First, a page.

Gang members take on contracts to stage accidents in their workplaces, says Allianz
Criminal gangs have started to switch from motor fraud to public and employers’ liability scams, as the industry cracks down on “crash-for-cash”.
Allianz technical divisional claims manager Roy Hebburn said the detection rates of liability scams had risen 50% over the past year.
He attributed this to the success of the Insurance Fraud Bureau (IFB) clampdown on motor fraud.
“There is a strong suspicion that the activity of the IFB around organised motor fraud has caused some of the organised gangs to change their focus to employers’ liability and public liability – the ‘slips and trips’ area,” he said.
In June, Insurance Times revealed an 11% reduction in the number of criminal networks involved in insurance fraud and more than 300 arrests for motor fraud since the IFB’s foundation in 2006.
Hebburn suggested that, as a result of the crackdown, criminal gangs had started carrying out scams in areas where there was less chance
of detection. “It is something we believe the industry should start focusing on,” he said. “The IFB’s focus is on motor. We believe it should extend its remit to public liability as well.”
Allianz fraud manager Mihir Pandya said anecdotal evidence suggested that this type of fraud was rising in areas once known as hotspots for motor fraud, such as the north west of England and north London.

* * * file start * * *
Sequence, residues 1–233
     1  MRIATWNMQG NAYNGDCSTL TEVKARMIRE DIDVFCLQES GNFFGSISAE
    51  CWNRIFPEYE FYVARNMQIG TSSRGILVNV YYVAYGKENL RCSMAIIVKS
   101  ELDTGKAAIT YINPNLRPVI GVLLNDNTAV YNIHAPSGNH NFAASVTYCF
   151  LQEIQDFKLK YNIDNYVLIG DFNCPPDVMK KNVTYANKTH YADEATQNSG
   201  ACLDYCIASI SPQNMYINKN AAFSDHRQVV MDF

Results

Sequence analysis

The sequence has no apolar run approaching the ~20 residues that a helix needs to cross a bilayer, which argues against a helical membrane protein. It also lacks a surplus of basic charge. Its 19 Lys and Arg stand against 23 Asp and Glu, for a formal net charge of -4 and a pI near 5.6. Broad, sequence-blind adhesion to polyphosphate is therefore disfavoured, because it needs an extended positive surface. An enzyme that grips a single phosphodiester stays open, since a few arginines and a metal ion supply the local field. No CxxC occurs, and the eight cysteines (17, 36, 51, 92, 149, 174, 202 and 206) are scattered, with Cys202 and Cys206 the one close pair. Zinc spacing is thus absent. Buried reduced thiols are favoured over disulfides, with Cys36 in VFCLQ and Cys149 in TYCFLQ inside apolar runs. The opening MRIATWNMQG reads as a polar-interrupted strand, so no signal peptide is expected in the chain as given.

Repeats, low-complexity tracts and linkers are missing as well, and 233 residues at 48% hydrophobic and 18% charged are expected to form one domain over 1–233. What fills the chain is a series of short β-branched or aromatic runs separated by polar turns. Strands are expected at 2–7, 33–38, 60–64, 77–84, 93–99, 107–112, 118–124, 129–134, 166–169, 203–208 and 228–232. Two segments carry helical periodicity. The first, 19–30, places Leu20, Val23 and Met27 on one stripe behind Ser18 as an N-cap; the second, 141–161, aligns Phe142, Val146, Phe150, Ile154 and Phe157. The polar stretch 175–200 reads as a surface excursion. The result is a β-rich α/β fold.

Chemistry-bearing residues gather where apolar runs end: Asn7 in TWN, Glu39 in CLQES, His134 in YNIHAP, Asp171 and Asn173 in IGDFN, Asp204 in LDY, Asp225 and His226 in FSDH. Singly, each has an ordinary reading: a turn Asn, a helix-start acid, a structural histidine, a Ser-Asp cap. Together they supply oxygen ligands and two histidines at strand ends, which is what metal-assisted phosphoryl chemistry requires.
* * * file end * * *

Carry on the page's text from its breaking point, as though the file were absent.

He added that members of gangs were now taking on part-time or contract work to stage accidents in their workplaces.
“Where there have been police raids, there is anecdotal evidence and some documentation to suggest they are starting to looking at slips and trips claims,” Pandya explained.
He added that analysis of databases provided evidence of a link between fraudulent liability claims and previous motor and personal injury claims, and past connections between witnesses and claimants.
Chairman of the IFB John Beadle said the organisation was in discussion with the ABI to ensure wider data sharing so that it could extend its focus to other areas in addition to motor.
But he added that it would be some time before these plans came into force. “We obviously need to look at the cost and benefit argument and carefully look at the proposition before we take a decision.”